Please visit this site’s menu item “The Author’s Books” for info on the author’s books, website, and Facebook page.

All of my comments in this blog are solely my responsibility. When reading any commentary, you should always refer first to the scripture, which is God’s unchanging and unfailing word.

 

 

 

 

Knowledge and Self-Control – 2 Peter

In his second letter, Peter uses his standard form of opening, identifying himself in this case as Simeon Peter, an apostle of Jesus Christ. In the opening chapter, he also declares his witnessing of the transfiguration (2 Peter 1:16-18), which was recorded in Matthew 17:1-8.  It is evident that Peter knows that his death is eminent, as we can see from 2 Peter 1:12-15. Many scholars believe that he wrote this second letter during the Roman persecution which occurred before Nero’s death in 68 A.D. This would make for a date of the writing of this letter from 64-67 A.D.

16th-century map of Anatolia from Münster's Co...

16th-century map of Anatolia from Münster’s Cosmographia showing “Capadocia” (Photo credit: Wikipedia)

It is a shorter letter, and a passionate one, as Peter probably knows that it will be his last communication to these churches. He is addressing the same churches that he wrote to in the first epistle (Pontus, Galatia, Cappadocia, Asia, and Bithynia), as we can see from 2 Peter 3:1. The second chapter may be the source of Peter’s urgency in writing this letter before his martyrdom. In that chapter, he warns of false prophets and teachers that have already been a problem in other churches. And there is a reference to some sort of sensual activity that is being held up as an acceptable lifestyle for Christianity.

Most of the rest of the letter deals with the requirement for the Christian to endure in their godly lives, and to reassure them that “the day of the Lord” will come. He reminds them also in the first chapter of his eyewitness account of the things they have been taught; and that he and his fellow apostles can be trusted to have delivered to them the truth – not the myths of man.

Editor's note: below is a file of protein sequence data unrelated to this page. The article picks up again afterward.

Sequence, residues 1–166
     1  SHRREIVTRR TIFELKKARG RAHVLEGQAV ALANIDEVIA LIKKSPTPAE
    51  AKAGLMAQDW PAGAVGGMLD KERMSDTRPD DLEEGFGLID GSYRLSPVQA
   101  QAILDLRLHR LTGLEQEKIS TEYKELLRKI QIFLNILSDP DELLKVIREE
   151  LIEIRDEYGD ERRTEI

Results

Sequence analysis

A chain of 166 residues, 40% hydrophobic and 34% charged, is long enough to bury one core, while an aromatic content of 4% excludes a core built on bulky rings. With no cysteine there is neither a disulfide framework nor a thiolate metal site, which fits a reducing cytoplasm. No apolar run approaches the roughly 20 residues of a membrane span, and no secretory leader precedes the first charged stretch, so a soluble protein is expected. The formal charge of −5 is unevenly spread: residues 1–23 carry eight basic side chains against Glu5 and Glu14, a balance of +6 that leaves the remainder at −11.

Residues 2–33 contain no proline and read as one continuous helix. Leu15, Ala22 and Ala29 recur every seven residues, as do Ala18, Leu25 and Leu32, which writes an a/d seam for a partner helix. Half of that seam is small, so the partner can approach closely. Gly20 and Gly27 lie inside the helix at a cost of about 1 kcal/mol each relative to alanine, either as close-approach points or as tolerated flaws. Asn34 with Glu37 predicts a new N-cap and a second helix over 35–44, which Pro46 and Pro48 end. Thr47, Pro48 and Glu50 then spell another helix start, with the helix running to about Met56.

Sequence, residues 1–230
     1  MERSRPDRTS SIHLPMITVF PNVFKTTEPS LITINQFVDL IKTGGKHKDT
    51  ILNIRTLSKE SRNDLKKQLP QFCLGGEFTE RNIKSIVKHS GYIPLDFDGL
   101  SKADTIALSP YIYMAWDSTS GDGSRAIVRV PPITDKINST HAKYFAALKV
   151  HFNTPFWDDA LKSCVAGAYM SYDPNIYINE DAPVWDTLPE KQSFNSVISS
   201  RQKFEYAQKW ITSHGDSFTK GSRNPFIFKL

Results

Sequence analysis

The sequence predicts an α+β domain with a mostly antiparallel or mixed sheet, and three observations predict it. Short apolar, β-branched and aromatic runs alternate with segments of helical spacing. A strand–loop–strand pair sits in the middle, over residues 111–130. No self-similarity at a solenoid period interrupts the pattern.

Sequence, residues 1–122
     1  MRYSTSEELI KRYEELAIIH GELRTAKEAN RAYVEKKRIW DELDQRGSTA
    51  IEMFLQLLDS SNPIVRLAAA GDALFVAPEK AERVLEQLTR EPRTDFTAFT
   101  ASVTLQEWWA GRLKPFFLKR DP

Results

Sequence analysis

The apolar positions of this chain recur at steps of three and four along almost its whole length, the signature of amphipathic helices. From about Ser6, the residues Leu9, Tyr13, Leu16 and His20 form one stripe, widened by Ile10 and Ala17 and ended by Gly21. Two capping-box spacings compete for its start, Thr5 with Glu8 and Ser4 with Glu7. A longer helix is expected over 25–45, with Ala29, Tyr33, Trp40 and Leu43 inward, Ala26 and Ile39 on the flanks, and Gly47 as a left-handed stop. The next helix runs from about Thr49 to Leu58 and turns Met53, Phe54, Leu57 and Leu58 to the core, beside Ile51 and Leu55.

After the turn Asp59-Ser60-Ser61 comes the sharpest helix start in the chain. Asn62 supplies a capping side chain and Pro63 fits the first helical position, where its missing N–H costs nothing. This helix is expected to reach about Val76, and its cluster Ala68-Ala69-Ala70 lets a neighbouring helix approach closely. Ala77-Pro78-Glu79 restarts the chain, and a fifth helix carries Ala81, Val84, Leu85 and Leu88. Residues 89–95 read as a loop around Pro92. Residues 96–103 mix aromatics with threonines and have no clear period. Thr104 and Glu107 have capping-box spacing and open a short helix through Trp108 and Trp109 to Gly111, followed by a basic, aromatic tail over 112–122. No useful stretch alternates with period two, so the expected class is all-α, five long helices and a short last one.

He reminds them also of the precious gift of godliness that has allowed them an escape “from the corruption that is in the world because of sinful desire.” In verses 5-9 of the first chapter, Peter gives a most beautiful summary of the timeless advice for Christian living:

“For this very reason, make every effort to supplement your faith with virtue, and virtue with knowledge, and knowledge with self-control, and self-control with steadfastness, and steadfastness with godliness, and godliness with brotherly affection, and brotherly affection with love.
For if these qualities are yours and are increasing, they keep you from being ineffective or unfruitful in the knowledge of our Lord Jesus Christ. For whoever lacks these qualities is so nearsighted that he is blind, having forgotten that he was cleansed from his former sins.”

 

(This year’s reading plan for Luke, Acts, and 1 and 2 Chronicles averages just 15 verses per day – 5 days per week!)
Schedule for this week

 

/Bob’s boy

 

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some images © V. Gilbert & Arlisle F. Beers

 

Please note: I did not design the reading plan that I am following in my blog.  All of my comments in this blog, however, are solely my responsibility.  When reading ANY commentary, you should ALWAYS refer first to the scripture, which is God’s unchanging and unfailing word. Reading schedules, as well as a link to the site where you can get the reading plan that I’m currently following for yourself can be found on the “Bible Reading Schedules” page of my website at http://graceofourlord.com.